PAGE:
Intrigued by Wednesday's announcement of Trappist-1, a star system only 39 light-years away that hosts at least seven Earth-like planets?
You might enjoy getting lost in a short science fiction story on it. Yep, one already exists.
"The Terminator," by Swiss science fiction novelist Laurence Suhner, takes place four centuries in the future on Trappist-1e, renamed Nuwa by colonists from Earth who still await peaceful contact with the natives of the Trappist-1 system.
The journal Nature quietly shared the story on Wednesday, the same day it published a much-cited paper on the newly discovered, potentially habitable planets in the intriguing Trappist-1 system. Astronomers call them our best bet to find life beyond the pull of our sun.
Here's a quick taste:
"I stand on the deck a moment, fascinated by the ocean that darkens before me as it disappears into the night. Myriad stars riddle the waves: bioluminescence. Nuwa's ocean abounds with life forms that constantly move between the two hemispheres, following the currents and the movement of the violent winds generated by the contrast in the temperatures near the surface. These winds, along with the moderating power of the ocean, guarantee the existence of habitable regions on either side of the terminator, cooling the exposed side of Nuwa and heating the dark one."
While it's a little unusual for a top scientific journal to publish a work of science fiction, Nature is no stranger to the practice. The journal has regularly published a science fiction column since 2007, and the Trappist-1 planets really beg for the sci-fi treatment. The seven planets tightly circling a dim, ultracool dwarf star are much closer to each other than the planets in our solar system, and at least three of them might be just as habitable as Earth.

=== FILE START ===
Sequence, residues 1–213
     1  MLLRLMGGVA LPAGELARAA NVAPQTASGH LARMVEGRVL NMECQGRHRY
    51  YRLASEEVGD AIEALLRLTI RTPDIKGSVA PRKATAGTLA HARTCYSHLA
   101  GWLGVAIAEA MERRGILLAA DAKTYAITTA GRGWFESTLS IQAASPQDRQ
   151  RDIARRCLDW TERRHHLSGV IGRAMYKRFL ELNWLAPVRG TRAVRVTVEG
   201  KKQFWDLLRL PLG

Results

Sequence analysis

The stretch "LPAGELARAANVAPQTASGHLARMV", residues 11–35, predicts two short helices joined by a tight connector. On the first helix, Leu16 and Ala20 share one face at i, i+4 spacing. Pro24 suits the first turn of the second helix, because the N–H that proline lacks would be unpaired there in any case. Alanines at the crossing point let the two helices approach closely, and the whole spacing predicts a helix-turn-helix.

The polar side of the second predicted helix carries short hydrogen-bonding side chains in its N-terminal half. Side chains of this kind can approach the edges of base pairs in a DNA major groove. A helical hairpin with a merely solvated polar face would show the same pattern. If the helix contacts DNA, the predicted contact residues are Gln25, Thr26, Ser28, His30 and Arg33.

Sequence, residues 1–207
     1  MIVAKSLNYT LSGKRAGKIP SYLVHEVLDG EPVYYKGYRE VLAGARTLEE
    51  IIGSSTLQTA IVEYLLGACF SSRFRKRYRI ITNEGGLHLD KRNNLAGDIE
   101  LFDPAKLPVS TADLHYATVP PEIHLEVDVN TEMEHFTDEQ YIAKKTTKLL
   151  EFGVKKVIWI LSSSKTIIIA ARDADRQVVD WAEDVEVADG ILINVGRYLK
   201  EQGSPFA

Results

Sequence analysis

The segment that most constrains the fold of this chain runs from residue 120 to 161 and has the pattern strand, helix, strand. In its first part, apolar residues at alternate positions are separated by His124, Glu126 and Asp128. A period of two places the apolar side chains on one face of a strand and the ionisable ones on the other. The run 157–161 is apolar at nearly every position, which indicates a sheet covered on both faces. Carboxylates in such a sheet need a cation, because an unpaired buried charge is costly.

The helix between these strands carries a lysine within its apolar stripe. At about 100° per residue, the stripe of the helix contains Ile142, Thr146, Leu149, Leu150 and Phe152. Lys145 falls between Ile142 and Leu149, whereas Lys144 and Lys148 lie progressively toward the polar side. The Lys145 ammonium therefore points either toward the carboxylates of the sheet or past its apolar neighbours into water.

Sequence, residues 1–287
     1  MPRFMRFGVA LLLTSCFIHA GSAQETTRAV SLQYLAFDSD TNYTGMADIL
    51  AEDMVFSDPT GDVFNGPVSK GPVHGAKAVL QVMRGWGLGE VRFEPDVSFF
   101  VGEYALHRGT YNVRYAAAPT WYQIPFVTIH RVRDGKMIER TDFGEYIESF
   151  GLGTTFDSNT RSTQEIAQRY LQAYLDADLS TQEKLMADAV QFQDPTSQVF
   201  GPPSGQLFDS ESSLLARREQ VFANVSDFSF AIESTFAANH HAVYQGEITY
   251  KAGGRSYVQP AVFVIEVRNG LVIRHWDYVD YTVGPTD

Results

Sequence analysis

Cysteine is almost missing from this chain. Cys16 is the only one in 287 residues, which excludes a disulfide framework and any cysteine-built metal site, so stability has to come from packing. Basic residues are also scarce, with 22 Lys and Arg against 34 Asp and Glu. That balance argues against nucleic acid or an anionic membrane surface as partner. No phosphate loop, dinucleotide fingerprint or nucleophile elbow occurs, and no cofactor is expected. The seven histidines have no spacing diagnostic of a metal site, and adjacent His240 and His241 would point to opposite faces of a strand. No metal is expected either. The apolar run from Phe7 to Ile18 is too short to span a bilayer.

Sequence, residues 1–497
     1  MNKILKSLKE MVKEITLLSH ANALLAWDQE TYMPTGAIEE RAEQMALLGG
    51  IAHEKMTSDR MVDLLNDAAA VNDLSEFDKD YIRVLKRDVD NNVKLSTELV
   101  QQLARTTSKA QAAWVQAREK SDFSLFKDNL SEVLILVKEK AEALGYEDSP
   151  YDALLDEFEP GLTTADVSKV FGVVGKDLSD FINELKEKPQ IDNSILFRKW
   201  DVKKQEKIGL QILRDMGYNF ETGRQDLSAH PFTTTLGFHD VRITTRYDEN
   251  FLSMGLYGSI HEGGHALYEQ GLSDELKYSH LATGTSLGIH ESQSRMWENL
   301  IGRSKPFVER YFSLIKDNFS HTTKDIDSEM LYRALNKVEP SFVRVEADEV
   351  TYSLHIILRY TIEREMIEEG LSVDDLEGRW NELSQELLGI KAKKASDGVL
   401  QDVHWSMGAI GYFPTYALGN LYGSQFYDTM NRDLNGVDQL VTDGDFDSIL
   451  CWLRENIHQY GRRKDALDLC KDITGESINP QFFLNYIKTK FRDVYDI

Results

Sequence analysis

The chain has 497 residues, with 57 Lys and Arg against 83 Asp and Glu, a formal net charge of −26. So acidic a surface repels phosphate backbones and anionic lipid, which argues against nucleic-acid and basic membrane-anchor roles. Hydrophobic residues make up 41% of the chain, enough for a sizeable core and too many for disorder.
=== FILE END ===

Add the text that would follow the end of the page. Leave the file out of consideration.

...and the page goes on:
"The Trappist-1 system, with its short interplanetary distances, makes space opera possible," writes Suhner, who read the research paper before penning her story. "Traveling from Nuwa to Pangu takes a week. A lilliputian system where worlds are like neighboring countries."
Suhner said collaborating with scientists is essential to her work.
"Integrating advanced research into my texts allows me to talk about science while keeping the sense of wonder and awe intact," she wrote in a Nature blog post about the short story. "This is one of the main advantages of science fiction."
Here's to more sci-fi set around Trappist-1, because while 39 light-years is close on the cosmic scale, it's still out of reach today. If we're ever going to get there, it's going take lots of ingenuity, imagination and inspiration. Science fiction seems like a good place to start cultivating all three.
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